Charles Lutz | 10/4/2004 4:24:34 AM
Heavy rainfall and winter feeding tend to add up to conditions that can lead to brown blood disease in the spring. Brown blood is caused by nitrites (one of the results of winter feeding). Growers can avoid the fish losses caused by nitrites through diligence and the application of chlorides.
To understand why nitrite levels are a problem in the late winter and early spring, we need to understand where nitrites come from.
Catfish producers are continuously adding nitrogen to their ponds by feeding their fish. Not all of this nitrogen stays in the fish. A large portion enters the pond as fish waste, in the form of ammonia. Ammonia is broken down in ponds by two separate bacteria. One converts ammonia into nitrite, which is toxic. The other bacteria convert nitrite into nitrate, which is non-toxic. During the winter, ammonia tends to accumulate in ponds because the water is too cold for these bacteria to function. In extreme cases, this ammonia can contribute to winter kill problems. As water temperatures begin to warm in the spring, the bacteria that turn ammonia into nitrite “wake up” long before those that convert the nitrite into nitrate. As a result, until pond temperatures are fairly warm, nitrite levels may increase to a point where brown blood becomes a problem.
Over the years, farmers have found that adding salt to production ponds helps prevent or reduce problems with brown blood.
This practice is based on the idea of adding enough chlorides to the ponds (salt is just sodium and chloride) to protect fish from taking too much nitrite across their gills and into their blood. This is important because once a nitrite ion enters the bloodstream, it binds with a red blood cell and prevents it from carrying oxygen to the rest of the body. The result is similar to carbon monoxide poisoning, although more gradual. Only so many ions can cross a catfish’s gill surface and enter its bloodstream, and chloride ions in the water compete with nitrite ions for the available “spaces” along the gill surface.
So, adding salt to a pond can work well if a grower can get the ratio of chlorides to nitrites high enough. How high is high enough? Well, over the years the answer to that question keeps going up. At first, researchers recommended a 3:1 chloride to nitrite ratio. In no time at all, though, stocking and feeding rates (and, therefore, nitrogen levels) increased substantially. The new recommendation went up to 6:1. Further studies in laboratory and real-world settings now suggest that a 10:1 ratio is required to sufficiently protect catfish from brown blood. A ratio of 16:1 completely suppresses brown blood formation, but the low levels of brown blood found at rations of 10:1 or higher can be tolerated by healthy fish.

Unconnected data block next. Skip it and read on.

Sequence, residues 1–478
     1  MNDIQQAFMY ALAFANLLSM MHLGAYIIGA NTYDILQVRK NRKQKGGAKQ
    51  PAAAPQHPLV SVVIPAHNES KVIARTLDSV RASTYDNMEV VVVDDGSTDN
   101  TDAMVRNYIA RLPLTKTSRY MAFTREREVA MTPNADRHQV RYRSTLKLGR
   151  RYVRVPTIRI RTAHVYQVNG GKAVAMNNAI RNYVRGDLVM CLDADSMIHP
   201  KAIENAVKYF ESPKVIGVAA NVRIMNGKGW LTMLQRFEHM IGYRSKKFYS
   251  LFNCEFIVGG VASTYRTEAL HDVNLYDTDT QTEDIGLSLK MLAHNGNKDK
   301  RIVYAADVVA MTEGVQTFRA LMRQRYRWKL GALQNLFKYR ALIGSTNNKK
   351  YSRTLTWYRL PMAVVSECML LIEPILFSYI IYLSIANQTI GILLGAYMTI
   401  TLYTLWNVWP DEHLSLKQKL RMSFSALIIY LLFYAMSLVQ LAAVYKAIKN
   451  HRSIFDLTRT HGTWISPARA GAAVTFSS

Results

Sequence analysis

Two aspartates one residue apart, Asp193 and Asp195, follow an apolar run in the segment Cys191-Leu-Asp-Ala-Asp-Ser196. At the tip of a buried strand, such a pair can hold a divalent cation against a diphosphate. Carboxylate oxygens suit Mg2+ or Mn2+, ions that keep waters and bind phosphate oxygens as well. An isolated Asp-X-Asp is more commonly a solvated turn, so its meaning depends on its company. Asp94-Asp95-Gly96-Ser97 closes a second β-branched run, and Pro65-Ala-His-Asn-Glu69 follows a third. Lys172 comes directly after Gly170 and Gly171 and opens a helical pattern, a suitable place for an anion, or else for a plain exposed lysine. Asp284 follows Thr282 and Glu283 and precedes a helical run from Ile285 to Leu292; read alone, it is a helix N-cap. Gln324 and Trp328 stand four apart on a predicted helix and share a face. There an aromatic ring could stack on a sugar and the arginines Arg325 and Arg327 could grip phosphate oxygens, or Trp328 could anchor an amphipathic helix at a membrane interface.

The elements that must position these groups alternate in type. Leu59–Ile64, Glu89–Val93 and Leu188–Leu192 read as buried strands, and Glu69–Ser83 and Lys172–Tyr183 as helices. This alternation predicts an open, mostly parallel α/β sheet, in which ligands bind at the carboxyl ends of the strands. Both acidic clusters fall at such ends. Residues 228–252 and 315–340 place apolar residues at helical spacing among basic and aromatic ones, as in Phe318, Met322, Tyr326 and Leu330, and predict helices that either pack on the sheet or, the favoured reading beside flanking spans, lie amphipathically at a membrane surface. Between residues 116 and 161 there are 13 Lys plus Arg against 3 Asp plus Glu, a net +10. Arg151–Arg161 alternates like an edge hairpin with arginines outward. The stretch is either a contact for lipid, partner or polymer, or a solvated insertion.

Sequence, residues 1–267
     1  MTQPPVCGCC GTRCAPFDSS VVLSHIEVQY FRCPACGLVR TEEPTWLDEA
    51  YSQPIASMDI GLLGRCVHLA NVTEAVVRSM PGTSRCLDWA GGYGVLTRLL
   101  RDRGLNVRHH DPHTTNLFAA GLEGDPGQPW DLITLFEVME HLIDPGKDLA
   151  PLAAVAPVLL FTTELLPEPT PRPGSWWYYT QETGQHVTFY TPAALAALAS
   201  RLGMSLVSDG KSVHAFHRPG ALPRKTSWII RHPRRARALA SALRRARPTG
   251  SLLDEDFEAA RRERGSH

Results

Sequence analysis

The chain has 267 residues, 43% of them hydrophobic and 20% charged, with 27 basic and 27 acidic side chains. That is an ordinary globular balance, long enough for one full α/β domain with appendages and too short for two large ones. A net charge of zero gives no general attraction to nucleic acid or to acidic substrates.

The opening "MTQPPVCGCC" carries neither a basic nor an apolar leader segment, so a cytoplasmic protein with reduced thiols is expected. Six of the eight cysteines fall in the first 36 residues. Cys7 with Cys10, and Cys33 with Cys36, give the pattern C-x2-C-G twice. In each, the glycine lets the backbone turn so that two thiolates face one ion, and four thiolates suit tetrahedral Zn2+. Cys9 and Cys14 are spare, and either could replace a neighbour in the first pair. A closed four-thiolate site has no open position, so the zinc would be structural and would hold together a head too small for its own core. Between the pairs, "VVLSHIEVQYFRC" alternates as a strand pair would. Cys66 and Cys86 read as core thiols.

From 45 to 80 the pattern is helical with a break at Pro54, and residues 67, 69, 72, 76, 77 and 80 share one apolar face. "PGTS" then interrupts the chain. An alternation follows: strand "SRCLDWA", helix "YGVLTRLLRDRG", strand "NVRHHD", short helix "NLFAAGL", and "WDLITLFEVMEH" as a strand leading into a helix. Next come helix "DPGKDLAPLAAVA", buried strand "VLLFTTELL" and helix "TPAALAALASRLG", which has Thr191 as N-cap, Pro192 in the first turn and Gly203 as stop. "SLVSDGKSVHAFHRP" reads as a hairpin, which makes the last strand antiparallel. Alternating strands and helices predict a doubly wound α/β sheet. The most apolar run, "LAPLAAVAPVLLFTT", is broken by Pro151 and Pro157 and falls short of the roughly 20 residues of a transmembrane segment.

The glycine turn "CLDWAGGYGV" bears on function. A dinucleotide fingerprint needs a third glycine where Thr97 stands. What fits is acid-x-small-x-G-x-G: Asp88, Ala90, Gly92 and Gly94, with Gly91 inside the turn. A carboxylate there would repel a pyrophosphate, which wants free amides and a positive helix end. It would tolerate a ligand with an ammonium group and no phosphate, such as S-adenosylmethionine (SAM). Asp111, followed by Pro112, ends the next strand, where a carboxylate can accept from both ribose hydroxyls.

So, back to the question: How much salt is really needed?
It is not uncommon for nitrite levels to reach 10 ppm, so a safe level of chlorides to maintain would be 100 ppm. Unfortunately, nitrites can jump to levels as high as 20 ppm for the reasons described above. If this happens in one of your ponds, it may be possible to add more salt. Another option is to keep the fish in a stress-free environment and wait for the nitrites to drop back to more normal levels. That means no seining and no D.O. levels below 4. Remember that even if brown blood does not kill fish directly, it can weaken their resistance to disease, especially during ESC season.
Of course, if you don’t know what your chloride and nitrite levels, none of this discussion will do you any good.
Remember that chloride levels may drop substantially from their fall values due to dilution and flushing by winter rains. To avoid being caught off guard, find out what your chloride levels are now, and figure out how much salt you need to reach 100 ppm in your ponds. Test kits for chlorides and nitrites, or consultants willing to do the work, are readily available to just about anyone growing catfish. If you need advice on calculating the volume of salt you’ll need, ask your County Agent or Fisheries Agent for